RONALD REAGAN may have come to Washington determined to get the government off the people's backs, but out in Iowa there is an example of government at its best -- government that works, that is immediately responsive, that in many cases anticipates problems and is capable of quickly focusing the intellectual, technological and financial resources of the state on them.

It is, in a word, the kind of government the people want and used to expect, but lately haven't been getting in a great many cases, which has had a lot to do with Reagan's political success.

It is the Iowa County Cooperative Extension Service, which for most of the 20th century has operated a wide variety of educational, research and technical programs that have helped make American farmers productive beyond anyone's reasonable expectations. Traditionally, it has helped farmers cope with drought, flood, corn borers and erosion and to keep track of new strains of seeds, feeds and a thousand other factors.

Now, out of necessity, the service has turned its resources to helping farmers cope -- emotionally and financially -- with the worst agriculture crisis since the Great Depression.

The seriousness of that crisis was tragically underscored last week in Hills, Iowa, when a despairing farmer -- who was not working with his county extension service in any of its programs -- killed his wife, his neighbor, his banker and then himself because of the seeming hopelessness of his financial troubles. But the crisis permeates every farm and town in the country's farm belt.

When the bank in the small farming town of Odebolt, Iowa (pop. 1,300), went belly-up earlier this year, the emotional stress level of many farmers and townspeople, already running high because of the on-going agriculture economy crisis, nearly went off the charts.

From his counseling with his parishioners, the Rev. Tom Hotle of the United Methodist Church in Odebolt quickly determined that the need for help was community-wide. He turned for assistance to the Sac County Cooperative Extension Service in forming personal support groups for people who needed help with their problems.

The extension service responded immediately, indeed eagerly, because it already had such a program in place known as "Neighbor to Neighbor." It provided psychological and counseling experts from Iowa State University and its regional office in Sioux City to train the local clergymen in setting up the support groups, plus materials for the groups prepared by the university psychology department. When Hotle and the others need additional assistance, it's likely to be on its way by the time they've hung up the phone.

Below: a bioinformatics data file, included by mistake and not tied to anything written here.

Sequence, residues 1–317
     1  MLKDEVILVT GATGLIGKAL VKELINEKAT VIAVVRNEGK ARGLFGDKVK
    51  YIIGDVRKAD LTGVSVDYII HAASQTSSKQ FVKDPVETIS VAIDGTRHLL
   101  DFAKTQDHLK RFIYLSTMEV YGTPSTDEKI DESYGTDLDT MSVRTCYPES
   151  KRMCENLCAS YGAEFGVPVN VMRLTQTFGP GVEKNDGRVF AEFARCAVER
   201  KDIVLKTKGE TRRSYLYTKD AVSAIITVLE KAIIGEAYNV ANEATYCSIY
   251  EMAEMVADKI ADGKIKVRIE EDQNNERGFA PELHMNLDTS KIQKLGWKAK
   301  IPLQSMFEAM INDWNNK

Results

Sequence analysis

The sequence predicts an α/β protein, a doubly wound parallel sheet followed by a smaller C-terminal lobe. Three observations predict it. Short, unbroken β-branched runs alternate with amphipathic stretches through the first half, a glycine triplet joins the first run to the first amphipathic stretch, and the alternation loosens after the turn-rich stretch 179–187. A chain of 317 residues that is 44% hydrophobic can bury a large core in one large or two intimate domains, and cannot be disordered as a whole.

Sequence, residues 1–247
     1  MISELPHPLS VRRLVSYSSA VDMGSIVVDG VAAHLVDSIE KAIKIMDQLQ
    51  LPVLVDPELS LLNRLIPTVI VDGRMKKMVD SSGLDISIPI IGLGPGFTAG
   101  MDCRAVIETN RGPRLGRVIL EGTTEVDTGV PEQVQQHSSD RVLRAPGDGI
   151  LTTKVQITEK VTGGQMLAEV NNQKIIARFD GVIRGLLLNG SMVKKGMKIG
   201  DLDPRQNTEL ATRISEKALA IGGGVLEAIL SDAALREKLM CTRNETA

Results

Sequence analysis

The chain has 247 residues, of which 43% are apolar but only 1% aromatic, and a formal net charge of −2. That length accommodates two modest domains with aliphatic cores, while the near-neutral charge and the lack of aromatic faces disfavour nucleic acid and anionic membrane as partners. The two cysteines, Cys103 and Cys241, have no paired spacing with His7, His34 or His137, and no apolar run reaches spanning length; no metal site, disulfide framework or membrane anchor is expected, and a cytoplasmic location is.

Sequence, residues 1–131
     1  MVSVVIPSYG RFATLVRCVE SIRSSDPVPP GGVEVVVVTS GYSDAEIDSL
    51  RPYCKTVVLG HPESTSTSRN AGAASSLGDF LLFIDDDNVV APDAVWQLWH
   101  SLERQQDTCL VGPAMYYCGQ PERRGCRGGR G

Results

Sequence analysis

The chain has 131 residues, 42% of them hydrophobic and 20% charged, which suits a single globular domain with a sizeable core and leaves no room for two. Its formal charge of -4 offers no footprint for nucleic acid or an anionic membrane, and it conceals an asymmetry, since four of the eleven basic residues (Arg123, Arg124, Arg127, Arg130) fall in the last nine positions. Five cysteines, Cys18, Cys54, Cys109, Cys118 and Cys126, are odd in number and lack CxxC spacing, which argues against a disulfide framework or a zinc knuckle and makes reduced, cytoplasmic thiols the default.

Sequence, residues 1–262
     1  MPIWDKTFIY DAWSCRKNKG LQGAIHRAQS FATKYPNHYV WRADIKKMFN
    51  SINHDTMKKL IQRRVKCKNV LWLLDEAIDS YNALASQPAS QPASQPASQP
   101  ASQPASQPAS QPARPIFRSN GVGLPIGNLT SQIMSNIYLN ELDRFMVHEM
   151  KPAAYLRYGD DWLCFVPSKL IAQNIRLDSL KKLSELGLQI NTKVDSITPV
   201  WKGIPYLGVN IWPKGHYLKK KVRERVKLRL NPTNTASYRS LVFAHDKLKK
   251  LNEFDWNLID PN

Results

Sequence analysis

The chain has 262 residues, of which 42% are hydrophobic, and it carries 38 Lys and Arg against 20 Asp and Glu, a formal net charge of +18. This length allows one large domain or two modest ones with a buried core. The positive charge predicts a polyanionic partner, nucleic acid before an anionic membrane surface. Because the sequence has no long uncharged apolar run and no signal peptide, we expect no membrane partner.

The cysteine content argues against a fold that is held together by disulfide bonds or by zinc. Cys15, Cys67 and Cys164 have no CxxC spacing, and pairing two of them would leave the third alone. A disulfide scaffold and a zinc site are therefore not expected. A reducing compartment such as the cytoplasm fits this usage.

The impact of its farm-crisis programs, which for the most part have been operating in Sac County in just the past few months, already are noticeable.

The morale of the Odebolt community, which bottomed out last summer after the bank and nearly a dozen other main street businesses closed, is improved -- for psychological as well as technical reasons. It may be that the major benefit of the programs is that, in effect, they are road maps that help re-orient people who are angry, frightened and overwhelmed by the prospect of economic disaster that they never dreamed could happen to them. The programs define the people's problems and give most the feeling that there's something they can do about them.

The extension service is also a working example of federalism. It gets state and local funding plus federal funds and other resources from the Department of Agriculture. The money is channeled through Iowa State University, a land-grant school that makes its faculty and other resources available, and the programs are coordinated by the university's dean of extension.

It is a decentralized program, however. The extension service responds to local circumstances and demands outlined by local citizens' committees. The result is a remarkably flexible and responsive government agency that can move quickly without bureaucratic hang-ups.

In addition to the personal support groups -- which also encourage and train participants to form other such groups to help friends and relatives -- the extension service responded quickly when two school girls in Odebolt attempted suicide a couple of years ago. The university provided instructors and video tapes for teachers, clergymen, doctors, nurses, leaders of 4H and other youth groups, service clubs and anyone else who was interested in recognizing and dealing with signs of stress in young people and how to handle suicide threats and attempts.

The county agent is crucial to the program and Sac County is well served by its agent, Floyd Schnirring. A farmer himself, he was hospitalized recently because of the stress he was feeling for what he refers to as "his" farmers. "I'd really hate to lose him," he says of a farmer in trouble.

An increasingly popular program is the Farm Aid computer analysis of farmers' operations, which breaks them down into their separate parts -- corn, cattle, hogs, etc. -- and shows them which are weak and could be strengthened, which are good and which should be dropped.

Between 15 percent and 20 percent of the county's farmers have undergone this analysis -- about 30 more in just the past three weeks -- and many who did it a year ago are coming back for an update. Many are learning that they have been great producers but careless and sloppy businessmen; but the greatest benefit may simply be the restoration of the farmer's morale by showing him how he can help himself.

As valuable as the extension service has been to farmers, however, the greatest beneficiary is the American consumer. Te service's harnessing of science and technology in this century has been a major factor in the nation's enormous farm productivity -- and resulting cheap food prices.